I recently attended a vocal workshop in Tokyo organised by P. A. Tokyo. The course was taught by Amanda Flynn and Rob Rokicki and was conducted in English with a Japanese translator. When the course was announced I was keen to attend as I do like to watch experienced teachers work with students.
The people taking part in the workshop got to sing one song and then have this reviewed. The focus of the workshop was on vocal technique and on the acting components of presenting a song. The amount of time that could be spent with each student was short, and I was interested to see which aspects of each performance they would talk about.
Breathing was talked about for quite a few of the students. Not only trying to get people to use the right breathing technique for singing, but also the importance of breathing in acting. Nerves can make all of us rush in to a song, and it really is best to breathe first. They also made suggestions for words that you can breathe after and suggested that people go through their songs and know where they plan to breathe.
The suitability of the chosen song was also talked about. And the suitability of the key. For a couple of singers the chosen key was a little too high, making them struggle particularly towards the song climax. There was also one person whose song was a little low. They sang it well, but there was no excitement in the song as at no point did they get close to any of the limits of their voice.
Having a more conversational tone during some of the songs was also talked about. Many of the songs were very wordy and sometimes singers become choppy when singing these songs instead of having a more legato conversational sound. The songs sound much better when phrases are connected.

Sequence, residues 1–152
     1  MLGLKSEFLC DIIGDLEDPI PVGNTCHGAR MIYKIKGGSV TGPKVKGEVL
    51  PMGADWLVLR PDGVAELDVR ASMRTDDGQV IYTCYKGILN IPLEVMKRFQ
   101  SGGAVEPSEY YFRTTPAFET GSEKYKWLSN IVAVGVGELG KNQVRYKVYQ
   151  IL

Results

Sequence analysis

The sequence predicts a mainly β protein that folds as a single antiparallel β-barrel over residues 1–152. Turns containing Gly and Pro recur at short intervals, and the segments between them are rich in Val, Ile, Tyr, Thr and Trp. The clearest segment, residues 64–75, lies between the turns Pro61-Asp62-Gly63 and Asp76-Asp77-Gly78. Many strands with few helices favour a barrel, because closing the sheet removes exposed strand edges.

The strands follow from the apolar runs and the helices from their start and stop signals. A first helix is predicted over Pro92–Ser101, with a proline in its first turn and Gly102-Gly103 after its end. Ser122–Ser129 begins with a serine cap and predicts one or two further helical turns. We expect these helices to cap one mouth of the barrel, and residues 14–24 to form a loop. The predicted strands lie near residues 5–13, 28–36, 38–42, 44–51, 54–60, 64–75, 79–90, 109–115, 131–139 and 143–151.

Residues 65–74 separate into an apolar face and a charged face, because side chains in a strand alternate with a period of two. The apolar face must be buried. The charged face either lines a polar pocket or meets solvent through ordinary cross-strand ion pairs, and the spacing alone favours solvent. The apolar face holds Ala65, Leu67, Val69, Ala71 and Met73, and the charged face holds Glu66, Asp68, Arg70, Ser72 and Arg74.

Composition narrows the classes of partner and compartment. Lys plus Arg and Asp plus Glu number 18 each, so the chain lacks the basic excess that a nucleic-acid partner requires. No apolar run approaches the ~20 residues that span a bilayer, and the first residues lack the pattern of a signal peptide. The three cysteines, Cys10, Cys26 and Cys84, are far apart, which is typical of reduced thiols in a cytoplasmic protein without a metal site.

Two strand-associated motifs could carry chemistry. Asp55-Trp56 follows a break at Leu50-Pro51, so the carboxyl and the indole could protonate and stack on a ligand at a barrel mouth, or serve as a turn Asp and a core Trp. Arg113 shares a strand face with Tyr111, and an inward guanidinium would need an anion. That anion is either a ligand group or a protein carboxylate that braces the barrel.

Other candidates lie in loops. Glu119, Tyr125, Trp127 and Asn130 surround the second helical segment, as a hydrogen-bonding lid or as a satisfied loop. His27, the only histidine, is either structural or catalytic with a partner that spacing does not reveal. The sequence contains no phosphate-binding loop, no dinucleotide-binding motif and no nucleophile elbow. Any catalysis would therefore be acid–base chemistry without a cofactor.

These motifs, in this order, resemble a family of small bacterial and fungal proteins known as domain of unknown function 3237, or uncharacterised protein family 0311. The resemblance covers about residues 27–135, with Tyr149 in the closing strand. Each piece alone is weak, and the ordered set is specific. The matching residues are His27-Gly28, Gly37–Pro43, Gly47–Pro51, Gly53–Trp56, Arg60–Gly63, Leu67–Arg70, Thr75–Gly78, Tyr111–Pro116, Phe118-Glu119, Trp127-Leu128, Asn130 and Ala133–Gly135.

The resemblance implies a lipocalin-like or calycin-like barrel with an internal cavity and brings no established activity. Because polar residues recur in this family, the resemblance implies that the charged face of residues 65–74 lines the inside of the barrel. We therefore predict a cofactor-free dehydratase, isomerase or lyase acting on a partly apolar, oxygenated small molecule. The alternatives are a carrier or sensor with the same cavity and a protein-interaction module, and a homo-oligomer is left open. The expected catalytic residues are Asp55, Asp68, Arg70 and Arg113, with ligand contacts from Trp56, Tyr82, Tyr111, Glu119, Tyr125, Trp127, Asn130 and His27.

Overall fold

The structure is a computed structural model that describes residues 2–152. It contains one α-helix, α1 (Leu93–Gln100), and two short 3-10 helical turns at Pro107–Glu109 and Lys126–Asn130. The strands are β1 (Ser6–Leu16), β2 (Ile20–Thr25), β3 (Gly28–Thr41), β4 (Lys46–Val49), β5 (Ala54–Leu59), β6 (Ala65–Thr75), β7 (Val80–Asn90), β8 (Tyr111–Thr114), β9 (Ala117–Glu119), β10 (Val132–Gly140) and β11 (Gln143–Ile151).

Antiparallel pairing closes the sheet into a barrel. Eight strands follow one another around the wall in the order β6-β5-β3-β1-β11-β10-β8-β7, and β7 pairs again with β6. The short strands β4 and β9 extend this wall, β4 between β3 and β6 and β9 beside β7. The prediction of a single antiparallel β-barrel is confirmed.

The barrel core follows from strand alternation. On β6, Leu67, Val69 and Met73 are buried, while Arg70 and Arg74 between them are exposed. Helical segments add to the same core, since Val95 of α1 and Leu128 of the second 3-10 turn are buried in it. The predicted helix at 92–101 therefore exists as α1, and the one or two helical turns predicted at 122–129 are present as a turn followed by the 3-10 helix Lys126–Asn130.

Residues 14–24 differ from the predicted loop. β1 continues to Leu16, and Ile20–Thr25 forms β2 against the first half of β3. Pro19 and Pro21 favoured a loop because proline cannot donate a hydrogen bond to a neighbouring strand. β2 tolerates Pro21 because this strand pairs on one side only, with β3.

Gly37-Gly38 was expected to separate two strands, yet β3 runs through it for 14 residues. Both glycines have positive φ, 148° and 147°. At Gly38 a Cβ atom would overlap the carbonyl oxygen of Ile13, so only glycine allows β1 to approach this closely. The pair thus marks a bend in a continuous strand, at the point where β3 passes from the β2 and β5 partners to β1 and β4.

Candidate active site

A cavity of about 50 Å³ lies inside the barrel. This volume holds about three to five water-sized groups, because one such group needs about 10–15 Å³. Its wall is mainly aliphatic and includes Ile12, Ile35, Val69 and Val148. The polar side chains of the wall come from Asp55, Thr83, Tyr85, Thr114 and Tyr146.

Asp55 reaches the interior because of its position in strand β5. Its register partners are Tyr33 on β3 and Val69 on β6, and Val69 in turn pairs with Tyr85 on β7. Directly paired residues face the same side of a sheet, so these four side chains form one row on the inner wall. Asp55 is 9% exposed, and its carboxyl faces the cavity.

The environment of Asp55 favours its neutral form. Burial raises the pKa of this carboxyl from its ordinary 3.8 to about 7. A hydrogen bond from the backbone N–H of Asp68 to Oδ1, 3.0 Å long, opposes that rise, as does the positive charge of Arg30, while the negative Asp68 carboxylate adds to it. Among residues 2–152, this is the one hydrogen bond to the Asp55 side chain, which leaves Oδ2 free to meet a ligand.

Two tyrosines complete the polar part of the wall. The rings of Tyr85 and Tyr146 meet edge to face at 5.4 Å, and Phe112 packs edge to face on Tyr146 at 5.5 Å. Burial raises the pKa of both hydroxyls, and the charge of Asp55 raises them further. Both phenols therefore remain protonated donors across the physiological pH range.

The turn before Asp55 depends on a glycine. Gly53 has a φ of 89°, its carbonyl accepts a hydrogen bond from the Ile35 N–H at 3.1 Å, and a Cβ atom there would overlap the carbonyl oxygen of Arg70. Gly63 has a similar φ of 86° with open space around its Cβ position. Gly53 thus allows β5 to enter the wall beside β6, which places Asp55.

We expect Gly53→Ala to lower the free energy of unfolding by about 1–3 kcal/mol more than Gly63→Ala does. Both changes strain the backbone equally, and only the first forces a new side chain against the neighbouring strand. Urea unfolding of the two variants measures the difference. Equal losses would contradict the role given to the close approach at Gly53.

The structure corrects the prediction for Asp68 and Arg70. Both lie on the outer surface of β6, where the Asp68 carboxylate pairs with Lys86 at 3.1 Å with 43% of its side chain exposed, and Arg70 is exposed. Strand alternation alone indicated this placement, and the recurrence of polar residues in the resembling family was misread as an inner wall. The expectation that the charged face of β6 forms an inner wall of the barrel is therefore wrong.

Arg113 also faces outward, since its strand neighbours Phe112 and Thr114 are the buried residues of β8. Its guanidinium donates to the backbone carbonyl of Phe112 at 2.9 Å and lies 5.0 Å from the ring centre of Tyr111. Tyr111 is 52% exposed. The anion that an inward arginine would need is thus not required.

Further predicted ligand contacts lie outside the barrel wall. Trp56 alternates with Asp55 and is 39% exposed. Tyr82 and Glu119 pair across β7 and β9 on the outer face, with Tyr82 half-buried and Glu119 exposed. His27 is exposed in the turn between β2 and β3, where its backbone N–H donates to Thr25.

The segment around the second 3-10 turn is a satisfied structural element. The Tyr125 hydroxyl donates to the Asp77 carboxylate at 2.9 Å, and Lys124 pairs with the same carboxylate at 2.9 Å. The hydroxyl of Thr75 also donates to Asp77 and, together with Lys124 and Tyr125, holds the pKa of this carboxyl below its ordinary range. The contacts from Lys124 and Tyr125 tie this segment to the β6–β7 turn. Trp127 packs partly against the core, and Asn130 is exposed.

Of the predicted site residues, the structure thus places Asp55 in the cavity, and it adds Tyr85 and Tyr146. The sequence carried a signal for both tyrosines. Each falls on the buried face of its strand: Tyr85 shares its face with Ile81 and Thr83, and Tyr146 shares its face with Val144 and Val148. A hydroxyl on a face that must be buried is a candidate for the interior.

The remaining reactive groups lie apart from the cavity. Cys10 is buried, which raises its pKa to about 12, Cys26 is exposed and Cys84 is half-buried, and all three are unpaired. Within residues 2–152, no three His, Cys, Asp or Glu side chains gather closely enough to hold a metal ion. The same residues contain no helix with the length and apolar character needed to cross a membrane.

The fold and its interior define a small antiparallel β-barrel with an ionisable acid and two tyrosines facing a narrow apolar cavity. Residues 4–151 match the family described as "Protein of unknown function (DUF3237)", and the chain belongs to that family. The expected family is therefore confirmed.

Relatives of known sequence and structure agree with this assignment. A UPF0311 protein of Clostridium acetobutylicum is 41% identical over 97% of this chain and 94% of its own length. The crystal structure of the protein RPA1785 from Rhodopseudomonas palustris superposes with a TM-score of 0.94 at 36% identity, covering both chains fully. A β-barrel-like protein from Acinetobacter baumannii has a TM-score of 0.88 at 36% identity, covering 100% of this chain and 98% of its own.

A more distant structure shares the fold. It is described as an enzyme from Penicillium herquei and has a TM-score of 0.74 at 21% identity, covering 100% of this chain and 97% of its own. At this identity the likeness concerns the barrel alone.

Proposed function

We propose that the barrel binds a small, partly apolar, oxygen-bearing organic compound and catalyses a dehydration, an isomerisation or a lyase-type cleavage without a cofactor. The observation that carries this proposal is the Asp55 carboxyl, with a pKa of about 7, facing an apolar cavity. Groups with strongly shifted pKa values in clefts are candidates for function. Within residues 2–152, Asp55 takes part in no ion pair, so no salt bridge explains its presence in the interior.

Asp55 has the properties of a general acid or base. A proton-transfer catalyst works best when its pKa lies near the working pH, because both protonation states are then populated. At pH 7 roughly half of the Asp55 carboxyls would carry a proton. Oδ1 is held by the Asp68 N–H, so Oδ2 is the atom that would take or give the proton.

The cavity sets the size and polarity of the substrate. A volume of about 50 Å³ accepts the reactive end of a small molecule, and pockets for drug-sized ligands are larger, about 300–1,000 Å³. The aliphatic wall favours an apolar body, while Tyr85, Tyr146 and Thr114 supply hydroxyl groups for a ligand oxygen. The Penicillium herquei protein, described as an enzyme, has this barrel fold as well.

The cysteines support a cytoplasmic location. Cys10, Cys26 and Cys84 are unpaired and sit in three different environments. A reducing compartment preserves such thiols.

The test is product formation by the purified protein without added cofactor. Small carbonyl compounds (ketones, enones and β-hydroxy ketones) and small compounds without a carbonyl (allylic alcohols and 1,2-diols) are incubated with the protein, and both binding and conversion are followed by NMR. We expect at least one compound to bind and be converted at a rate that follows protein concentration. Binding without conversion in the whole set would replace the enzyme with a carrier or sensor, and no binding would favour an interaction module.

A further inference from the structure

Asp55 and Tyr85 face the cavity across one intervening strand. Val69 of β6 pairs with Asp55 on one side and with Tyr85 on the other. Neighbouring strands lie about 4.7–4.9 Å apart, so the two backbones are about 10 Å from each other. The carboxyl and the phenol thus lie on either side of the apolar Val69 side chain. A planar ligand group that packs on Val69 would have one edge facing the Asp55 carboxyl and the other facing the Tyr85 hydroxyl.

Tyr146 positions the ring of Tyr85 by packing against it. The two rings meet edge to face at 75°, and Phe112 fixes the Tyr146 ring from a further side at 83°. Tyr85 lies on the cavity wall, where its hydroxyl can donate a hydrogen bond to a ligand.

Mouth shape was talked about, as a big difference can be made if you change your mouth shape when attempting to sing falsetto or if you are belting. Amanda got a number of singers to sing through phrases in their songs with one finger between their teeth and their mouths mostly closed. Demonstrating that at times we use mouth wider mouth shapes than we need.
Some things were not talked about. At no point did they talk about pitch or tell anyone that they were out of tune. This would be a hard thing to fix in a short session and it could be an issue that people are sensitive about and would not really benefit hearing about in this sort of workshop. There is no doubt that the teachers were working on being positive and trying to a avoid using terms like "mistake". I liked their positive, encouraging approach and would certainly be happy to attend a similar workshop in the future.